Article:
I have feelings. Too many feelings. And ninety six point seven three percent of them are about prior distributions^{1}. So I am going to write a few blog posts about prior distributions.

To be very honest, this is mostly a writing exercise^{2} to get me out of a slump.

So let’s do this.

## No love, deep web

As far as I am concerned it’s really fucking stupid to try to write about priors on their own. They are meaningless outside of their context. But, you know, this is a blog. So I get to be stupid.

So what is a prior distribution? It is whatever you want it to be. It is a probability distribution^{3} that … I don’t know. Exists^{4}.

Ok. This is not going well. Let’s try again.

A prior distribution is, most of the time, a probability distribution on the parameters of a statistical model. For all practical purposes, we tend to work with its density, so if the parameter \(\theta\), which could be a scalar but, in any interesting case, isn’t, has prior \(p(\theta)\).

## Captain fantastic and the brown dirt cowboy

But what does it all meeeeeeeean?

We have a prior distribution specified, gloriously, by it’s density. And unlike destiny, density is meaningless. It only makes sense when we integrate it up to get a probability \[ \Pr(A) = \int_A p(\theta)\,d\theta. \]

So what does the prior probabilty \(\Pr(A)\) of a set \(A\) actually mean in real life? The answer may shock you: it means something between nothing and everything.

**Scenario 1:** Let’s imagine that we were trying to estimate the probability that someone in some relative homogeneous subgroup of customers completed a purchase on our website. It’s a binary process, so the parameter of interest can probably just be the probability that a sale is made. While we don’t know what the probability of a sale is for the subgroup of interest, we know a lot sales on our website in general (in particular, we know that about 3% of visits result in sales). So if I also believe that it would be wildly unlikely for 20% of visits to result in a sale, I could posit a prior like a \(\text{Beta}(0.4,5)\) prior that captures (a version of) these two pieces of information.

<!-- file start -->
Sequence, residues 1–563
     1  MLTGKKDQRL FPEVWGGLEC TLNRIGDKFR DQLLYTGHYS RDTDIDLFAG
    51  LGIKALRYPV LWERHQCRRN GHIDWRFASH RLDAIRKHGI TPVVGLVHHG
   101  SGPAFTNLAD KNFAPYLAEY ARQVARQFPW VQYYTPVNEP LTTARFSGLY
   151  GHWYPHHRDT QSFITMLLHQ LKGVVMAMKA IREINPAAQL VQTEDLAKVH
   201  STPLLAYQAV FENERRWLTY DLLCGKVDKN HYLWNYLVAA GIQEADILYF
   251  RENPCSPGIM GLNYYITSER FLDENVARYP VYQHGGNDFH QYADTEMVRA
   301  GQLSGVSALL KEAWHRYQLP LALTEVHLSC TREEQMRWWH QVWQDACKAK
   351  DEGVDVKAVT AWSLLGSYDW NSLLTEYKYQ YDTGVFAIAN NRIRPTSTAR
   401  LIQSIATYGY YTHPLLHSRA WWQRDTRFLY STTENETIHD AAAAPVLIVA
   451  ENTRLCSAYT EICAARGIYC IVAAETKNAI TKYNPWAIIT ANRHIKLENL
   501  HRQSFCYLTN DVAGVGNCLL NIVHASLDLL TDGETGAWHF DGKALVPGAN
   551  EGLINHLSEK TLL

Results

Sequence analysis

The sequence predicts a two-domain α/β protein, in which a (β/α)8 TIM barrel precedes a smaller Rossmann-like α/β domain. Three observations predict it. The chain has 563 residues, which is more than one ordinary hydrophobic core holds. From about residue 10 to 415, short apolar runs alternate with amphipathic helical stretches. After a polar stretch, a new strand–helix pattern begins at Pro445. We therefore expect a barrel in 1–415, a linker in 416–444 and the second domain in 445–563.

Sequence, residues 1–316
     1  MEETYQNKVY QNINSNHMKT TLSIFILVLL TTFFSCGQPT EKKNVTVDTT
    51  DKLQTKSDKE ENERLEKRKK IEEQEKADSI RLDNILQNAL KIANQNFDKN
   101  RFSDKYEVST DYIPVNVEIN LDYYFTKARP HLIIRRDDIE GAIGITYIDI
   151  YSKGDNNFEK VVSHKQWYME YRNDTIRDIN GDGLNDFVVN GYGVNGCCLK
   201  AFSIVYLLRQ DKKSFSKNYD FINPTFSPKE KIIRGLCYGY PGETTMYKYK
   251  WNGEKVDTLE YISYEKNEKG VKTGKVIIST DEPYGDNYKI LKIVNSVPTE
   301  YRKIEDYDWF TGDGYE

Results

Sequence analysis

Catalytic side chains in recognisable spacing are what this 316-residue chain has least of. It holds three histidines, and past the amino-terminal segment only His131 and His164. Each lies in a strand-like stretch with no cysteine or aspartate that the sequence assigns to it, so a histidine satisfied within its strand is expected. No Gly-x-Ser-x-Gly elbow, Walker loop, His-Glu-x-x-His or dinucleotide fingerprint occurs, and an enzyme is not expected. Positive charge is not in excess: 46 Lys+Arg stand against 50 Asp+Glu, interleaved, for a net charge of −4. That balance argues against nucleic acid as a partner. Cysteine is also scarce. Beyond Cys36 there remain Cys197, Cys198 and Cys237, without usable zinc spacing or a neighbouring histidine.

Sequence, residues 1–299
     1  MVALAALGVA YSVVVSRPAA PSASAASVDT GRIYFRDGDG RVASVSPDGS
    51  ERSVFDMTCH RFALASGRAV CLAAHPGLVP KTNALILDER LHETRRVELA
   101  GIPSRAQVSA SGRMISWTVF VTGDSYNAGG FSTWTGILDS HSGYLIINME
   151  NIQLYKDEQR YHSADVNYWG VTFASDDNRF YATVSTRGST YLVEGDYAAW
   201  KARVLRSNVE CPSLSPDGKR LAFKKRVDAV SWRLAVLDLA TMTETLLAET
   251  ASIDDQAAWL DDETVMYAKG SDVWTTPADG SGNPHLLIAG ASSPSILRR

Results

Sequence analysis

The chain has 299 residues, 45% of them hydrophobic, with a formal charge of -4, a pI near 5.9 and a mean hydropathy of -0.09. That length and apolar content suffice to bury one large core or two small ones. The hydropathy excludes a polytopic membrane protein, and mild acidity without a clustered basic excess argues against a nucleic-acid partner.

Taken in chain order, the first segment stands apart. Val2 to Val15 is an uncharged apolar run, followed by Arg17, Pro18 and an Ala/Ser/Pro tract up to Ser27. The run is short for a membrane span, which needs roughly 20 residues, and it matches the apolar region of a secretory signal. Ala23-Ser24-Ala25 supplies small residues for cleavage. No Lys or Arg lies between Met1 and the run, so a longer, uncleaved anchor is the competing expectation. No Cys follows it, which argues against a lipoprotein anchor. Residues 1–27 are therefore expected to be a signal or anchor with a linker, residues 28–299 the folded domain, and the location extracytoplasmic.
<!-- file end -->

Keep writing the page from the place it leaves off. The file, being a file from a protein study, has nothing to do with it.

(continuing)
**Scenario 2:** Let’s imagine I want to do variable selection. I don’t know why. I was just told I want to do variable selection. So I fire up the Bayesian Lasso^{5} and then threshold in some way. In this case, the prior encode a hoped-for property of my posterior. (To paraphrase Lana, hope is a dangerous thing for a woman like you to have because the Bayeisan Lasso does not work to the point that the original paper doesn’t even suggest using it for variable selection^{6} it just, idk, liked the name. Statistics is wild.)

**Scenario 3:** I’m doing a regression with just one variable (because why not) and I think that the relationship between the response \(y\) and the covariate \(x\) is non-linear. That is, I think there is some unknown to me function \(f(x)\) such that \(\mathbb{E}(y_i) = f(x_i)\). So I ask a friend and they tell me to use a Gaussian Process prior for \(f(\cdot)\) with an exponential covariance function.